"I see your wife is developing a corm," the tree remarked, as James paused for a chat.
Then cut off each stalk about two inches from its junction with the corm.
When a corm commences to grow, the reserve material within it is used up for the benefit of the flowers and leaves.
corm of a Crocus, the investing sheaths or dead leaf-bases stripped off.
corm of Cyclamen, much reduced in size: roots from lower face, leaf-stalks and flower-stalks from the upper.
It has acrid properties, but its corm yields a starch which is known by the name of Portland sago or arrowroot.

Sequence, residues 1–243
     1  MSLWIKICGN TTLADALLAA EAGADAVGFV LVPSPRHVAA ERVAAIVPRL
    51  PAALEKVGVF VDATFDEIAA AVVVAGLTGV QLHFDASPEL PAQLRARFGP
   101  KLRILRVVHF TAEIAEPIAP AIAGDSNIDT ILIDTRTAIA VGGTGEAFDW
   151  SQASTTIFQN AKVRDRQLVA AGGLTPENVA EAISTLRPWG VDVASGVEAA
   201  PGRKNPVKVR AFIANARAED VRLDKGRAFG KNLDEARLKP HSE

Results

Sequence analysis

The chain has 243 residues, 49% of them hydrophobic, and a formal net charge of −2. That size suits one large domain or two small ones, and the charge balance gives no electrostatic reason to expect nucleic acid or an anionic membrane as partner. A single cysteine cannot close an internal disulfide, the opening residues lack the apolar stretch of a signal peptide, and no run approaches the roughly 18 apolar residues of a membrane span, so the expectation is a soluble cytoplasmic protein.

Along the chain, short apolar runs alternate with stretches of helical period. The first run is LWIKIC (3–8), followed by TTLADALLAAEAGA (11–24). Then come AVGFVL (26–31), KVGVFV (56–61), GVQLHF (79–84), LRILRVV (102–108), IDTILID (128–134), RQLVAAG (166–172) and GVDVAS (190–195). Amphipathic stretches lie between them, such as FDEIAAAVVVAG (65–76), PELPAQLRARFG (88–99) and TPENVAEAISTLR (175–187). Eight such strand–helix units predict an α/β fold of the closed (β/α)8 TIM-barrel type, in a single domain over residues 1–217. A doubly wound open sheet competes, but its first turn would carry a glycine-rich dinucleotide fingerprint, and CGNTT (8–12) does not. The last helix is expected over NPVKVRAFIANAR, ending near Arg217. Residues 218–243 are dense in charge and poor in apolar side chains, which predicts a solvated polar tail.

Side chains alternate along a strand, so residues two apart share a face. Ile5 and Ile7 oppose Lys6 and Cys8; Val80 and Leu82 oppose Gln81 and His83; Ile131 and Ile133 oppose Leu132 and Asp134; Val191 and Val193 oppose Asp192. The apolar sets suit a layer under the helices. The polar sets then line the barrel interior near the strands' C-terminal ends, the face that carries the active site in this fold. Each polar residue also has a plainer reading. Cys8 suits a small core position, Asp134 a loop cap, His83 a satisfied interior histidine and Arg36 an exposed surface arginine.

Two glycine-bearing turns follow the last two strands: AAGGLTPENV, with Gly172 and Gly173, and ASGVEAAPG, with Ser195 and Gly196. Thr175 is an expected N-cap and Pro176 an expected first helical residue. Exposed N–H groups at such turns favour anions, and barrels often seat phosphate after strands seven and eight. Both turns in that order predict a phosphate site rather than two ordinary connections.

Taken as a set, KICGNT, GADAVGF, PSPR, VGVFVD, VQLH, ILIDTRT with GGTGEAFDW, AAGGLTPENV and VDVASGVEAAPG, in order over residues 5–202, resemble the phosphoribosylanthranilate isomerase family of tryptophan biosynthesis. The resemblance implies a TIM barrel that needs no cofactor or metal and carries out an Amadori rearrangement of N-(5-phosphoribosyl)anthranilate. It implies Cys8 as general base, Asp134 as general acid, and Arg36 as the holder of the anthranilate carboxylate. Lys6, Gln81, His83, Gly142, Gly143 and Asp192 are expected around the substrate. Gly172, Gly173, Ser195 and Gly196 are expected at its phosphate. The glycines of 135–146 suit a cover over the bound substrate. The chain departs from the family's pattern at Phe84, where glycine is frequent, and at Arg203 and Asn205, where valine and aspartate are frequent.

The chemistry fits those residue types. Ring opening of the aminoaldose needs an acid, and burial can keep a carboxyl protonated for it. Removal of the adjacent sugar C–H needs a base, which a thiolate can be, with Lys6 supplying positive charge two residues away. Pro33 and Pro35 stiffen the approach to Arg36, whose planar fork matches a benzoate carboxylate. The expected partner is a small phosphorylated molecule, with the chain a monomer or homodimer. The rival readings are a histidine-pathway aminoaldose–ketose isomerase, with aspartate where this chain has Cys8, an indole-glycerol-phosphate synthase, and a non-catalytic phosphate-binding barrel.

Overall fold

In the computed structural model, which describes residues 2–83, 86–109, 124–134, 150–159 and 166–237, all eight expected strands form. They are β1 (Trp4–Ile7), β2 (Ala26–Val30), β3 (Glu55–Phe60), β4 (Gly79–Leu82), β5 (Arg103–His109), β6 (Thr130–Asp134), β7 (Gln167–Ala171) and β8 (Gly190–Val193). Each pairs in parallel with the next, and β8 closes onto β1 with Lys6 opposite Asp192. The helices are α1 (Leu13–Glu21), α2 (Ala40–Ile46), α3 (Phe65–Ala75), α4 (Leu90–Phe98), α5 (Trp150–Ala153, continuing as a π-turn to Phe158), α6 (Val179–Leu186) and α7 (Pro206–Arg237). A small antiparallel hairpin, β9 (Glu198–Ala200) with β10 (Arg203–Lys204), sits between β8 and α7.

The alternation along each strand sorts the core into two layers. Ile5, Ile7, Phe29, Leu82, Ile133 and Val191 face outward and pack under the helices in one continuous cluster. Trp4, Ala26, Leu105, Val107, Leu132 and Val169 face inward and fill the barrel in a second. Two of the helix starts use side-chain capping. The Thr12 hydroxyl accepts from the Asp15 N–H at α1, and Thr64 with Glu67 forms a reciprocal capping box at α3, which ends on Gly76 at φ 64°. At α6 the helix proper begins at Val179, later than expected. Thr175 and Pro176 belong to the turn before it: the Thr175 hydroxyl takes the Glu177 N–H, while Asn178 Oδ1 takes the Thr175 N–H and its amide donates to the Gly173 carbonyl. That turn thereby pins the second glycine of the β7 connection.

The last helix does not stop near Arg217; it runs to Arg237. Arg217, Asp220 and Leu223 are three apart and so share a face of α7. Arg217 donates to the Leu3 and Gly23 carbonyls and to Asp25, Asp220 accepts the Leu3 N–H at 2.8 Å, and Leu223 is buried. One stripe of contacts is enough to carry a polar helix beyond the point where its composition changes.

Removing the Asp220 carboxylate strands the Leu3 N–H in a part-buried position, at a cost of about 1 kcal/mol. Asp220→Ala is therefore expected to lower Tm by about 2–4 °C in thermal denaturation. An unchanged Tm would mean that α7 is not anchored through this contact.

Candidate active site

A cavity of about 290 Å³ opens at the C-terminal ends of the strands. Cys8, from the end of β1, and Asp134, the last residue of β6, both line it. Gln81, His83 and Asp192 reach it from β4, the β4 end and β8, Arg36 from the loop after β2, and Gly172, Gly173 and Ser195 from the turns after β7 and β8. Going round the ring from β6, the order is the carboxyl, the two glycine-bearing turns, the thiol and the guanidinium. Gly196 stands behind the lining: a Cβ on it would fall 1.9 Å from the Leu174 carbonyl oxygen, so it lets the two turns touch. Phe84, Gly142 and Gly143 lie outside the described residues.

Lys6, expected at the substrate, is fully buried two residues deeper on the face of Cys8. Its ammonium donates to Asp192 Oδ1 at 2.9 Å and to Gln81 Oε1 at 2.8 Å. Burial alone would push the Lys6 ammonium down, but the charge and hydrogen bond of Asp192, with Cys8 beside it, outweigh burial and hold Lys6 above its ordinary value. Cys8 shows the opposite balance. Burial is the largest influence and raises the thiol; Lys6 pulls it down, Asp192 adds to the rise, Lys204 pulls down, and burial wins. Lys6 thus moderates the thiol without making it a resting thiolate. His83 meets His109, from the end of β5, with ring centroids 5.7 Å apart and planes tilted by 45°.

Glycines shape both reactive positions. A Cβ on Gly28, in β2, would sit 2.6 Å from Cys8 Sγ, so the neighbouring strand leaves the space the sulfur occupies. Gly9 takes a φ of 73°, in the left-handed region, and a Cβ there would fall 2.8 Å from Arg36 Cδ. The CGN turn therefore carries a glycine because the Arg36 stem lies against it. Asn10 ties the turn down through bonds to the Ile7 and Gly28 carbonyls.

The corm of Cyclamen goes on to enlarge and to produce a succession of flowers and leaves year after year.
Colchicum, kol′chi-kum, n. a genus of Liliace—the meadow saffron, its corm or seed used for gout and rheumatism.
The corm becomes the seat of a development of a special visual organ, the Arthropod eye (as opposed to the Chaetopod eye).
One ramus (the endopodite) alone developed—the original axis or corm serving as its basal joint with or without gnathobase.
A fleshy underground stem that is similar to a bulb but stores its food as stem tissue and has fewer and thinner leaflike scales. The crocus and gladiolus produce new shoots from corms. Compare bulb, rhizome, runner, tuber.